Volume 10, Number 12—December 2004
Protective Effectiveness of Hantavirus Vaccine
Highlight and copy the desired format.
|EID||Park K, Kim CS, Moon K. Protective Effectiveness of Hantavirus Vaccine. Emerg Infect Dis. 2004;10(12):2218-2220. https://dx.doi.org/10.3201/eid1012.040684|
|AMA||Park K, Kim CS, Moon K. Protective Effectiveness of Hantavirus Vaccine. Emerging Infectious Diseases. 2004;10(12):2218-2220. doi:10.3201/eid1012.040684.|
|APA||Park, K., Kim, C. S., & Moon, K. (2004). Protective Effectiveness of Hantavirus Vaccine. Emerging Infectious Diseases, 10(12), 2218-2220. https://dx.doi.org/10.3201/eid1012.040684.|
A case-control study in the Republic of Korea evaluated the protective effectiveness of the hantavirus vaccine. Point estimates showed increasing effectiveness with increasing numbers of doses received: 25% for one dose, 46% for two doses, and 75% for three doses. All 95% confidence intervals overlapped zero; therefore, the findings could be due to chance.
In 1990, the Republic of Korea (ROK) approved a vaccine against the Hantaan virus after accepting data that showed a high seroconversion rate as a surrogate for vaccine effectiveness (1). The recommended schedule for vaccination is two doses 1 month apart, as a primary vaccination, and one booster 12 months later. Although the hantavirus vaccine has been in use since approval, and millions of doses have been given, the effectiveness of the vaccine continues to be debated. However, protective effectiveness of the hantavirus vaccine has been measured mainly by serologic studies (2–4).
The Korean Army is one of the largest consumers of the hantavirus vaccine, second only to public health centers. Uncertainty about protective effectiveness of the vaccine has been enhanced by reports on military personnel in whom hemorrhagic fever with renal syndrome (HFRS) developed, even though they had received the vaccine.
The ROK Army defines a “high-risk area” for HFRS as an administrative district where HFRS cases have occurred during the previous 3 years. Vaccination programs focus on military units located in these high-risk areas, but vaccinating all personnel in those units is impossible because of budget limitations. Therefore, coverage is not 100%.
In a recent study (4), the authors noted that since a vaccination campaign began in 1991, the number of HFRS patients has decreased significantly (Figure 1). However, vaccination is likely not the only factor affecting secular trends in number of HFRS patients; climatic and environmental changes also likely play a role. The present case-control study was conducted to assess the protective effectiveness of the hantavirus vaccine.
Cases were identified through the hospital-based active surveillance system of the HFRS maintained by the Korean Army. Cases occurring from January 1, 2002, to January 1, 2004, were enrolled prospectively. For early detection of HFRS, the Korean Army used the operational clinical criteria to identify cases. Patients with HFRS may have sudden onset of fever; experience pain in the head, abdomen, and lower back; and report bloodshot eyes and blurry vision. Petechiae may appear on the upper body and soft palate. The patient’s face, chest, abdomen, and back often appear flushed and red, as if sunburned. A confirmed case of HFRS is defined as a positive result on the high-density particle agglutination test.
For each case, one control was selected from among the other patients at each hospital where the case-patient had been hospitalized. The control was matched with the case-patient according to unit, age at the time of hospitalization (±3 years), date of hospitalization (±3 months), and date of transfer to the present unit (±3 months). If no suitable control could be found, the intervals around the case-patient’s unit, age, date of hospitalization and date of transference were progressively widened until one or more potential controls were found. For each case-patient, all eligible controls were listed, and one suitably matched control was identified at random. As with the case-patients, the final decisions about each control patient’s eligibility for the study were made on the basis of a detailed review of hospital records. Decisions about the eligibility of potential controls were made without knowledge of their vaccination status.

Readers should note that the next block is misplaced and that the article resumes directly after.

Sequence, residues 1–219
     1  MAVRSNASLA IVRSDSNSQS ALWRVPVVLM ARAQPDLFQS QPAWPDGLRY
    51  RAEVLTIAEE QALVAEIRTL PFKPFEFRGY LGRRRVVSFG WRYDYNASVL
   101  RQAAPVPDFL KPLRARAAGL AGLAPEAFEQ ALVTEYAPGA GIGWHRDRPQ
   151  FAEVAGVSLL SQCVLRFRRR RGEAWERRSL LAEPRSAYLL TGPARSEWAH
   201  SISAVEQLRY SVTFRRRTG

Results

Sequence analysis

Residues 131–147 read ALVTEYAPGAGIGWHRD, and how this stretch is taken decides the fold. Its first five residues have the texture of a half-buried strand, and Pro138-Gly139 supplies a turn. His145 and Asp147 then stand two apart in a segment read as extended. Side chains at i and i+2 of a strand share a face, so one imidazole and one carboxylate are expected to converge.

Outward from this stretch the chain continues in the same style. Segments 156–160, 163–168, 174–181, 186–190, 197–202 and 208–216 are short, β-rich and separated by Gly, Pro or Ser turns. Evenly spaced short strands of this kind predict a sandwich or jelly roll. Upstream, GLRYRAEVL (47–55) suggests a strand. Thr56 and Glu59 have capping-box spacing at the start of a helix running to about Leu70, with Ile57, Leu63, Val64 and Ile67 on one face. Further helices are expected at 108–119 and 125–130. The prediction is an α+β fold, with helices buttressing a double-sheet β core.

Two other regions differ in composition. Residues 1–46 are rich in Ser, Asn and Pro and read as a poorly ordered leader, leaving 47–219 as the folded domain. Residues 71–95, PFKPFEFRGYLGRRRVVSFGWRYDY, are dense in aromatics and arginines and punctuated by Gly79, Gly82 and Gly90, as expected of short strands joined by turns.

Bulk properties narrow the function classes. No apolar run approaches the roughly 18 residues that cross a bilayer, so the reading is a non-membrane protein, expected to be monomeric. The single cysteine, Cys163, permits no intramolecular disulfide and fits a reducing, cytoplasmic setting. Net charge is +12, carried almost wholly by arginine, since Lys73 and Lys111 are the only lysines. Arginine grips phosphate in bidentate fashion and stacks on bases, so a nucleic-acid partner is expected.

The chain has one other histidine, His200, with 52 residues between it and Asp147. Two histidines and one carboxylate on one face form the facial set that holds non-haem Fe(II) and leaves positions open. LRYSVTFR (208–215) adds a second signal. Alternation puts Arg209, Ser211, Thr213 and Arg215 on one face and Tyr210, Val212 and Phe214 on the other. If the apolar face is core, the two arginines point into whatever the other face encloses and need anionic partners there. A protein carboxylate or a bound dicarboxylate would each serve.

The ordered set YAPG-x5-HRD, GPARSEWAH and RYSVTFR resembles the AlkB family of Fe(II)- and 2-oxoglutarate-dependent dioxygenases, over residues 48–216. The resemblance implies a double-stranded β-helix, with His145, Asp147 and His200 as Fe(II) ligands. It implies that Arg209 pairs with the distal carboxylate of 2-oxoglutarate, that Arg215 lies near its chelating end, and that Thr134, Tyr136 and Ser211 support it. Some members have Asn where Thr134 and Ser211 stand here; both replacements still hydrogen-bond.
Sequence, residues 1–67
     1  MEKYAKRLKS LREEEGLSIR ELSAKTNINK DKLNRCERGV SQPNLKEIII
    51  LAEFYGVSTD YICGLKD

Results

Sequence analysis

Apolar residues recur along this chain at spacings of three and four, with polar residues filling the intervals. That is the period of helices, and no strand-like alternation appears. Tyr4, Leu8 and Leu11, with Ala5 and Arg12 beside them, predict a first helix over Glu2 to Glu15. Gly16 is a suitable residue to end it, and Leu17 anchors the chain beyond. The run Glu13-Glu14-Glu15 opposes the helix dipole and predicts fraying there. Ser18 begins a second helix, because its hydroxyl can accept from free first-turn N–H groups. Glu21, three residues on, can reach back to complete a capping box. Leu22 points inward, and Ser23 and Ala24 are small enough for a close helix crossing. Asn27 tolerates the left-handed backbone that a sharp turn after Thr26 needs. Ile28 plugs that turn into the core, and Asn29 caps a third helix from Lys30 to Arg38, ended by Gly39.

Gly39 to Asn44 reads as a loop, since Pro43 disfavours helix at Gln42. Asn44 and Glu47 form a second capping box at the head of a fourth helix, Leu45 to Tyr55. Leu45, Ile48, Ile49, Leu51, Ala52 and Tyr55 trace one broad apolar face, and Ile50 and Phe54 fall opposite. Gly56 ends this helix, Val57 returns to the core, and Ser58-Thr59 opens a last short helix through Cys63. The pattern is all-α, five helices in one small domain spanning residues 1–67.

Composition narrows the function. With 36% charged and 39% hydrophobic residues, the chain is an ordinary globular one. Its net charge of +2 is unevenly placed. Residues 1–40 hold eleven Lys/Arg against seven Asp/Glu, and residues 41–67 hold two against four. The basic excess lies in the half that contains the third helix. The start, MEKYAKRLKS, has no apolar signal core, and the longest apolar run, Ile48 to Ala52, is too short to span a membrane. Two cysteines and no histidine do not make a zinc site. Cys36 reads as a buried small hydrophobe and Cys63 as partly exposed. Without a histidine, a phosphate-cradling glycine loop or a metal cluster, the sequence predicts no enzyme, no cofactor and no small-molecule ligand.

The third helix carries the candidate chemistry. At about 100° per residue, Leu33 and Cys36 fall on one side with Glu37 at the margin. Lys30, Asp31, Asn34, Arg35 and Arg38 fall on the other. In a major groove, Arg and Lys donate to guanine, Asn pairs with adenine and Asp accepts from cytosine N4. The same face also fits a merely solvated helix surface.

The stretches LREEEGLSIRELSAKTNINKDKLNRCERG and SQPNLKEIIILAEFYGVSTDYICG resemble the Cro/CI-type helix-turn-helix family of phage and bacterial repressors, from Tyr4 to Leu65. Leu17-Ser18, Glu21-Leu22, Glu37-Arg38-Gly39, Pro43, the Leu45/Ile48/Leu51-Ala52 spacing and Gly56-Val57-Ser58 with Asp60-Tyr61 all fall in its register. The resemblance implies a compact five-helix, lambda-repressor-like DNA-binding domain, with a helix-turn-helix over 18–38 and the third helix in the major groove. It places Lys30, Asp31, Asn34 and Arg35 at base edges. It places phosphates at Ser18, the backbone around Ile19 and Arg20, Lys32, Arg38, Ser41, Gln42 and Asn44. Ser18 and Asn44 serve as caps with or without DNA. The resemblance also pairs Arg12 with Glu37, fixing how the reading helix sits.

History of vaccination was sought from vaccination records kept at each unit. Vaccine had to be received at least 3 weeks before hospitalization because of the time required for antibodies to develop and because the incubation period is ≈3 weeks on average (5). One patient vaccinated <3 weeks before hospitalization was excluded from the data analysis.
Estimates of the relative odds of HFRS associated with vaccination were estimated by using methods developed by Mantel and Haenszel (6), which are appropriate for matched designs. The protective effectiveness of the vaccine was estimated as 1 minus the relative odds associated with vaccine use, times 100. Ninety-five percent confidence limits for the effectiveness were derived from the 95% confidence interval (CI) of the relative odds. Data were analyzed with SPSS, version 10.0 (SPSS, Inc., Chicago, IL).
From January 1, 2002, to January 1, 2004, a total of 57 HFRS cases were identified among troops of the Korean Army. Of the 57 patients, 3 (5.3%) died. One of three deaths occurred in previously healthy, vaccinated (first and second doses) personnel. Twelve, 9, and 2 cases occurred in personnel who were vaccinated with one, two, and three doses, respectively. Most cases occurred in October (15.7%), November (35.7%), and December (17.1%), although disease also occurred during the spring and the summer (Figure 2).
Of the 54 persons identified with HFRS from January 2002 to January 2004, those who were vaccinated within 3 weeks of hospitalization were excluded from analysis. Because the effectiveness was calculated by comparing each dose (exactly one to three) with no vaccination, case-patients or controls not applicable to that comparison were excluded from each matched set. Finally, 41, 38, and 31 matched sets were formed for one, two, and three doses of the hantavirus vaccine, respectively (Table). Ages of the case-patients were similar to ages of controls. Estimates of vaccine effectiveness according to the number of doses received rose from 25% (95% CI –78% to 68%) for one dose to 46% (95% CI –35% to 78%) for two doses to 75% (95% CI –18% to 95%) for three doses. When recipients for whom 1 year had passed since their second dose were excluded, effectiveness of two doses increased markedly to 70% (95% CI –9% to 92%).